Directed by Curtis Hanson, written by Peter Gould and Andrew Ross Sorkin, from a book by Andrew Ross Sorkin
In an interview, the Wall Street Journal asked Paula Weinstein, executive producer of HBO’s Too Big to Fail, about the problem she faced in creating a suspenseful drama about the 2008 financial crisis that “wasn’t too esoteric” for a general audience.
Her reply indicates some of the problems with this production: “Everyone in the country suffered from it [the financial crisis], so we treated it like a thriller, like it was a regular movie.”
The movie features a fine cast, and a few of the actors have been given characters with a degree of dimensionality. However, the filmmakers’ decision to make a “regular movie,” i.e., a formulaic one, results in the type of stale story of a valiant individual saving the US from an evil power (in this case, certain predatory elements on Wall Street) so prevalent in American political movies. Not only is the story stale in this case, it is also untrue.
Most damaging to the television film’s credibility and ability to grapple critically with the epochal 2008 crisis was the choice of former US Treasury Secretary Henry Paulson as the individual in question. In sum, Too Big to Fail is propaganda for the population presented from an upper-middle class liberal perspective.
Too Big to Fail focuses on Paulson (William Hurt) as he and other top financial figures (both within and without the Bush administration) respond to the September 2008 crash. Initially, they are certain the problem will be contained within the subprime mortgage market, but as stocks plummet and rumors spread of major investment firms failing, the White House and Wall Street clash over who should save the banking system: the government or the private sector.
Paulson’s efforts to maneuver Wall Street into saving investment bank Lehman Brothers fail, and the threatened collapses of Freddie Mac and Fannie Mae and the insurance firm AIG result in credit lines freezing. At the same time, in this version of events, Paulson experiences an internal conflict between his belief that government should not interfere with the private sector and the need to go to Congress for bailout money.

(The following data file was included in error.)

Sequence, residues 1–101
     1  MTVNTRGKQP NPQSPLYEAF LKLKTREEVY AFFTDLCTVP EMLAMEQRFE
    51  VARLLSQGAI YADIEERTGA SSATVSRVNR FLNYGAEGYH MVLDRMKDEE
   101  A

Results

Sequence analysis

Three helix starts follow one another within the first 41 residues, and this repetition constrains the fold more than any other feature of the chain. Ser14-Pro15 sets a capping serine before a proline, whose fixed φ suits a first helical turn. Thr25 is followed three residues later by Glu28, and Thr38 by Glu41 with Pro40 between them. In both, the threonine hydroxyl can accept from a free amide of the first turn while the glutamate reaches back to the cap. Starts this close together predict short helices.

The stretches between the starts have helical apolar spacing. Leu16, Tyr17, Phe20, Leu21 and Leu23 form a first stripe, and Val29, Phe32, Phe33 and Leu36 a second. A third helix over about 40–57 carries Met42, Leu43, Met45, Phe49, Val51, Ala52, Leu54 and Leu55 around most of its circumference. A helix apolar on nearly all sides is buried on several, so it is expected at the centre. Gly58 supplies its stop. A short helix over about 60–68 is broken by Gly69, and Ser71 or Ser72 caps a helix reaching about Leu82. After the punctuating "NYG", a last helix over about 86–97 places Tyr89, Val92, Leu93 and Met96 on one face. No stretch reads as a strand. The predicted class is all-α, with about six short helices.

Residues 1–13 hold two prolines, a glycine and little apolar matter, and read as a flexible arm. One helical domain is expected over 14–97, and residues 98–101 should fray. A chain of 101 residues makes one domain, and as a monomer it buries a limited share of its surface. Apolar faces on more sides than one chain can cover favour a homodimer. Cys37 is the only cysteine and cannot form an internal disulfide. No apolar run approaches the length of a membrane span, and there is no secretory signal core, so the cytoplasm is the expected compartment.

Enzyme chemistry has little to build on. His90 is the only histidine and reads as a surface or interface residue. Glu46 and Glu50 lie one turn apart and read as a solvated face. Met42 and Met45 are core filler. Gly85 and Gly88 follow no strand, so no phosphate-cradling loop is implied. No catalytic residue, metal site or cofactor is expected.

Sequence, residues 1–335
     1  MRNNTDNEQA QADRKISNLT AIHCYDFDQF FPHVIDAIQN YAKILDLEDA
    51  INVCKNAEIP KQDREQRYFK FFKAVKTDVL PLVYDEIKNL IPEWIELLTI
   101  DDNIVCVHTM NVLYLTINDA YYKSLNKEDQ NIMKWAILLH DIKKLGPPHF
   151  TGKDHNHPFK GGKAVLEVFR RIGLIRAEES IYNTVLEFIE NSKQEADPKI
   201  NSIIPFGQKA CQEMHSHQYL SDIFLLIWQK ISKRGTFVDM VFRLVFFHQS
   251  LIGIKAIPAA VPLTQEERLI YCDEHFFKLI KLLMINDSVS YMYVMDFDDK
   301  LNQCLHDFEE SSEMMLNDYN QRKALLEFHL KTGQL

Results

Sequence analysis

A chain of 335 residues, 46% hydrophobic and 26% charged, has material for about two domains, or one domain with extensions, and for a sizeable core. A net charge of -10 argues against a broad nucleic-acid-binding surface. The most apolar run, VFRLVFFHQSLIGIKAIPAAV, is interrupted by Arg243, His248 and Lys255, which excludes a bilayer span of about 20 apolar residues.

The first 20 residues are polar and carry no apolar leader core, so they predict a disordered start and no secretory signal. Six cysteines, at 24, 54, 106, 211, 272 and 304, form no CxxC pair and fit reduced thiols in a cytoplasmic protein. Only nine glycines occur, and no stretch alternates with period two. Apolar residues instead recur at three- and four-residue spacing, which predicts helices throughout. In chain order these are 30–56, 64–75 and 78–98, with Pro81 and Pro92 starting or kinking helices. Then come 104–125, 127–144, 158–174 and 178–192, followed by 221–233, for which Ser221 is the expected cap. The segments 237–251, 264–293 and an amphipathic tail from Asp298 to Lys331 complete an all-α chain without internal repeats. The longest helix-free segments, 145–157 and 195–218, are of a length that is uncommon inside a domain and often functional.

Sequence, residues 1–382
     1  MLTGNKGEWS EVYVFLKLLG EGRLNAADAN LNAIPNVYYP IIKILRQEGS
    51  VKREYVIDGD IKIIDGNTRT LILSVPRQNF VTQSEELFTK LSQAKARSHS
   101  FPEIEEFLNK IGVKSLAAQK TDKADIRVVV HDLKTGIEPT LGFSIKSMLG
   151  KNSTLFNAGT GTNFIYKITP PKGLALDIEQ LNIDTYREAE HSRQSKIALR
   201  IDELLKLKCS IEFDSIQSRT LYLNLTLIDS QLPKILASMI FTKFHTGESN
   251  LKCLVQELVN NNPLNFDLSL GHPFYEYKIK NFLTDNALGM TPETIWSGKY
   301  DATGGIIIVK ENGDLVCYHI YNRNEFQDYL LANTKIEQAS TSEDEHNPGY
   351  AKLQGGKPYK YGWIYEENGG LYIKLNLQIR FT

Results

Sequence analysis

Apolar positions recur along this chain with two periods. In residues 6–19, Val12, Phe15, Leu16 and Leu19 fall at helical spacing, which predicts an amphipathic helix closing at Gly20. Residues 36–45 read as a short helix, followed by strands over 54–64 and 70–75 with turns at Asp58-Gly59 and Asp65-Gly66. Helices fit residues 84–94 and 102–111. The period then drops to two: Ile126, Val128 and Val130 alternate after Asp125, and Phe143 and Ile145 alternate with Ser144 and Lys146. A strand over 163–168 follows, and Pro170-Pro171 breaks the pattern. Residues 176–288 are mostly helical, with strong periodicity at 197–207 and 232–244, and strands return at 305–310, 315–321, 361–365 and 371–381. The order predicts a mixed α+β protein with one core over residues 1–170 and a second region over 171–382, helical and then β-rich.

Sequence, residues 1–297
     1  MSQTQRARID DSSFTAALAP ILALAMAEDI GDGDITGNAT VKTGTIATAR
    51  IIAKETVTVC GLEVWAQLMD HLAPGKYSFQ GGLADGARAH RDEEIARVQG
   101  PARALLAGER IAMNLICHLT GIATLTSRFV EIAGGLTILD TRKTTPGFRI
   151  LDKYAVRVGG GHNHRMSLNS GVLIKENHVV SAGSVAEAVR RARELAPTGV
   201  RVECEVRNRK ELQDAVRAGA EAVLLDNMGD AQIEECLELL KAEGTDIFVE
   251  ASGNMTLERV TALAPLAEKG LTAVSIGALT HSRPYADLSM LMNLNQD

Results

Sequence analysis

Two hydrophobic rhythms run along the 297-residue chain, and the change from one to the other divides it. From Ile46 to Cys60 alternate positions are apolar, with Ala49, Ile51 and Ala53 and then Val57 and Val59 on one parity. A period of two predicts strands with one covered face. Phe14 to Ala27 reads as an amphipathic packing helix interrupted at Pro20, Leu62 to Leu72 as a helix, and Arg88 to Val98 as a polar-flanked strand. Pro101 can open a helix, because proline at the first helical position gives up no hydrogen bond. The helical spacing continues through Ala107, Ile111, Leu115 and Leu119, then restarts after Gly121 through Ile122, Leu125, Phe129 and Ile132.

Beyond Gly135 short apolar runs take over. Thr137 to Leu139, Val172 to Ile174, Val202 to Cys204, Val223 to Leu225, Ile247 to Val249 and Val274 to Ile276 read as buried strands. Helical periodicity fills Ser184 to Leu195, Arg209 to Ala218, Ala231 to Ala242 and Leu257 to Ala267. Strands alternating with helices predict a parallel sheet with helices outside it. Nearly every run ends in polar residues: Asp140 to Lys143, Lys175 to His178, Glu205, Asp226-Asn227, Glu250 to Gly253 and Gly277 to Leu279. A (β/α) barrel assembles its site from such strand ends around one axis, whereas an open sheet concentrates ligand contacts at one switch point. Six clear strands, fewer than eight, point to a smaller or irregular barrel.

The conflict appears to be resolved when Paulson and Federal Reserve Board Chairman Ben Bernanke (Paul Giamatti) convince the major investment banks to buy 20 percent of AIG assets (the Fed will buy the other 80 percent) and successfully push the $700 billion cash injection, or TARP (Troubled Asset Relief Program), through Congress and into the banks. However, the film’s conclusion makes that resolution problematic.
As Lehman Brothers CEO Dick Fuld, James Woods portrays an individual transformed from an arrogant, self-centered tyrant into someone painfully aware that he is being “played” by much larger social forces. Three close-ups, the last one just before Fuld agrees to Lehman’s bankruptcy filing, express this transformation most convincingly.
Hurt’s Henry Paulson in the HBO production is basically a decent man faced with navigating America (and the world) through a crisis of catastrophic proportions. To those outside his immediate circle, he presents a resolute, no-nonsense persona; but to those closest to him, Bernanke and especially his wife, Wendy (Kathy Baker), Paulson expresses self-doubt and even feelings of helplessness. Hurt avoids the theatrics often found in such characters, and his Paulson is the more human for that.
The other main characters are largely one-dimensional, sometimes to the point of becoming invisible. Giamatti’s Bernanke displays none of the haughty, smartest-guy-in-the-room demeanor seen and heard at congressional hearings and on Sunday news programs. Instead, he is invariably deferential, wise but humble, and always concerned with preserving democracy.